SAM Rental/Sales Gallery A sampler of painting and drawing from Cornish College instructors Patrick LoCicero, Kathleen Rabel, and Mark Takamichi Miller, among others. 1220 Third Ave., 206-654-3158. 10:30 a.m.-5 p.m. Mon.-Sat.

Solomon Fine Art Wood panels that have been painted, drawn on, and gouged in an expressionistic manner by Page Davis. 1215 First Ave., 206-297-1400. 11 a.m.-6 p.m. Mon.-Sat.

Seattle Weekly PickWestern Bridge Western Bridge’s kickoff show, “Possessed,” is a superb collection of video and mixed-media pieces that make a veritable fetish of anxiety. Aïda Ruilova’s quick-cut video of nervousness has a garage-punk edge to it, while Zoe Leonard’s room full of used dolls is an unnerving formalist study in female identity. In Nicola’s Vruwink’s Living, the artist documents her worship at the altar of Martha Stewart. And the title of this group show derives from Shirin Neshat’s stunning 10-minute film featuring Iranian-born actress Shohreh Aghashloo as a madwoman wandering into the village square. 3412 Fourth Avenue S. 206-838-7444. Noon-6 p.m. Thurs.-Sat.


Frye Art Museum In “Figuring the Forces,” contemporary realist painter Scott Goodwillie brings a baroque sensibility to contemporary anxieties and conflicts. “Eloquent Vistas” collects American landscape photography from the second half of the 19th century by Eadweard Muybridge, William Henry Jackson, and many others. 704 Terry Ave., 206-622-9250. 10 a.m.-5 p.m. Tues.-Sat.; noon-5 p.m. Sun.; 10 a.m.-8 p.m. Thurs.

Seattle Weekly PickHenry Art Gallery Emmet Gowin’s “Changing the Earth,” features more than 10 years of aerial photographs of human-altered landscapes across the American West; Seattle video genius Gary Hill’s mysterious installation “Tall Ships” is a preview of the ambitious “Work of the Work” exhibit exploring artist-viewer interaction; and “Santiago Calatrava: The Architect’s Studio” showcases the work of the ultramodern Spanish architect with a fondness for organic swoops. “Selections from the Collection of William and Ruth True” offers a sampling from the collection of these two keen-eyed art collectors and longtime patrons of the Henry. UW campus, 206-543-2280. 11 a.m.-5 p.m. Tues.-Sun.; 11 a.m.-8 p.m. Thurs.

Museum of Glass Motorized, kinetic sculptures by Museum of Glass favorite Gregory Barsamian, and “Murano,” a showcase more than 200 pieces of 20th century Venetian glass from the Olnick Spanu Collection. Plus, Chihuly’s gargantuan versions of Japanese glass fishing net floats invade the museum’s mezzanine reflecting pool. 1801 E. Dock St. Tacoma, 253-396-1768. 10 a.m.-5 p.m. Wed.-Sat. (third Thurs. of the month until 8 p.m.), noon-5 p.m. Sun.

Museum of Northwest Art “600 Moons: Fifty Years of Philip McCracken’s Art” presents a retrospective of the Northwest sculptor known for combining exquisite craftsmanship with a deep respect for the natural world. 121 South First St. (La Conner), 360-466-4446. 10 a.m.-5 p.m. daily.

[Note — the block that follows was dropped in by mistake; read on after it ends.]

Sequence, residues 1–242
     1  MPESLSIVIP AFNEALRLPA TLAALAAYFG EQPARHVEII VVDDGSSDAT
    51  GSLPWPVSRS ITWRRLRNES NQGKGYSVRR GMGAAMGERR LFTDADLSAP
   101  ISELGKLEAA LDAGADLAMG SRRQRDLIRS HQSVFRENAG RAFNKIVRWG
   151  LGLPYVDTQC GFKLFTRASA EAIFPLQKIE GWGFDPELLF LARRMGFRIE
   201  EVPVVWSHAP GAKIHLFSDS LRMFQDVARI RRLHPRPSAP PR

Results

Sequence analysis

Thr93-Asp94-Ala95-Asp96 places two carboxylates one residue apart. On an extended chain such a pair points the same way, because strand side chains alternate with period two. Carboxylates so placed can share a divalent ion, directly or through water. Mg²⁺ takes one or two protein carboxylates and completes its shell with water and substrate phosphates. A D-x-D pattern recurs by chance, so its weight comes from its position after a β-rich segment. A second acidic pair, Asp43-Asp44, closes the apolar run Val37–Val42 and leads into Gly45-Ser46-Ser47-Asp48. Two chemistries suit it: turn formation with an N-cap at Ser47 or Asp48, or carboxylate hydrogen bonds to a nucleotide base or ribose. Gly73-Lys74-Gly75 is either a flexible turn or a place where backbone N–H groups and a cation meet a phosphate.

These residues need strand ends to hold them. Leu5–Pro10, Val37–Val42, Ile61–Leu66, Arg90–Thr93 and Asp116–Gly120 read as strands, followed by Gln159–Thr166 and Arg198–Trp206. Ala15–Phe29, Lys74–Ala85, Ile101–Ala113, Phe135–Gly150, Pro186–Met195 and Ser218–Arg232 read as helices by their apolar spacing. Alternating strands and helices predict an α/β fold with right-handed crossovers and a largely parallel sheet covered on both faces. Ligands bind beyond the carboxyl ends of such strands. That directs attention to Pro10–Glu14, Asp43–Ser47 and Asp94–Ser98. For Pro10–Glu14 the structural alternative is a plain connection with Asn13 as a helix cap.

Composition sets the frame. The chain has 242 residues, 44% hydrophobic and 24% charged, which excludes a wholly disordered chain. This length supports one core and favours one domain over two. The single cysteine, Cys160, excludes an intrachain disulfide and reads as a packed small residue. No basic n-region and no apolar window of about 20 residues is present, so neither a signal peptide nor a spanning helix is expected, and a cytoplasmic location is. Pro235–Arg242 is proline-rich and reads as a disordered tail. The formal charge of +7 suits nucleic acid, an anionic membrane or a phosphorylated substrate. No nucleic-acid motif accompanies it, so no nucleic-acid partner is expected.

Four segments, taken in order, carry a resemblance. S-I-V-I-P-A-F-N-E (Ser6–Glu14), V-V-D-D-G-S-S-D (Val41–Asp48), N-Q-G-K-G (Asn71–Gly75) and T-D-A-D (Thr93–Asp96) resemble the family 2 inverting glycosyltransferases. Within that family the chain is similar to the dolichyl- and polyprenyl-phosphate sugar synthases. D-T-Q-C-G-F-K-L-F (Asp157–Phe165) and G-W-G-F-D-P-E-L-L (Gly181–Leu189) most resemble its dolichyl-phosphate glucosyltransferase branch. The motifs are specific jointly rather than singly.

Seattle Weekly PickRoyal BC Museum A huge touring exhibit of ancient Egyptian artifacts from the British Museum will make its only stop in the Pacific Northwest at Victoria’s Royal B.C. Museum. Expect to see heaps of gorgeous treasures, including intricate golden death masks, a multi-ton granite lion, scraps of Egyptian scrolls, and yes, real, dead mummies. 675 Belleville Street (Victoria, B.C.) 888-447-7977. 9 a.m.- 5 p.m. daily.

Seattle Weekly PickSeattle Art Museum The video “Shadow Procession,” a recent SAM acquisition by South African artist William Kentridge, is a low-tech shadow parable, “The View From Here,” offers selections of Pacific Northwest art from 1870 to 1940, while “Modern in America,” explores the interaction between photography and the paintings of Georgia O’Keeffe, Jasper Johns, and other 20th century artists. “Song, Story and Speech” is a multimedia installation exploring how oral tradition is crucial to Native Coast Salish culture. 100 University St., 206-654-3100. 10 a.m.-5 p.m. Tues.-Sun.; 10 a.m.- 9 p.m. Thurs.

Tacoma Art Museum “A Sense of Place,” a selection of big names from the permanent collection, including Camille Corot, Edward Hopper, and Jacob Lawrence. Plus, the late UW professor and ceramics maven Howard Kottler is celebrated in “Look Alikes,” a selection of kitschy and witty commemorative plates from the 1960s to the 1980s. 1701 Pacific Ave., Tacoma, 253-272-4258. Every third Thursday free. 10 a.m.-5 p.m. Tues.-Sat.; 10 a.m.-8 p.m. Thurs.; noon-5 p.m. Sun.

Wing Luke Asian Museum The juried exhibit “Beyond Talk: Redrawing Race” attempts to break open the lockbox of dialogue on race. 407 Seventh S., 206-623-5124. 11 a.m.-4:30 p.m. Tues.-Fri.; noon-4 p.m. Sat.-Sun.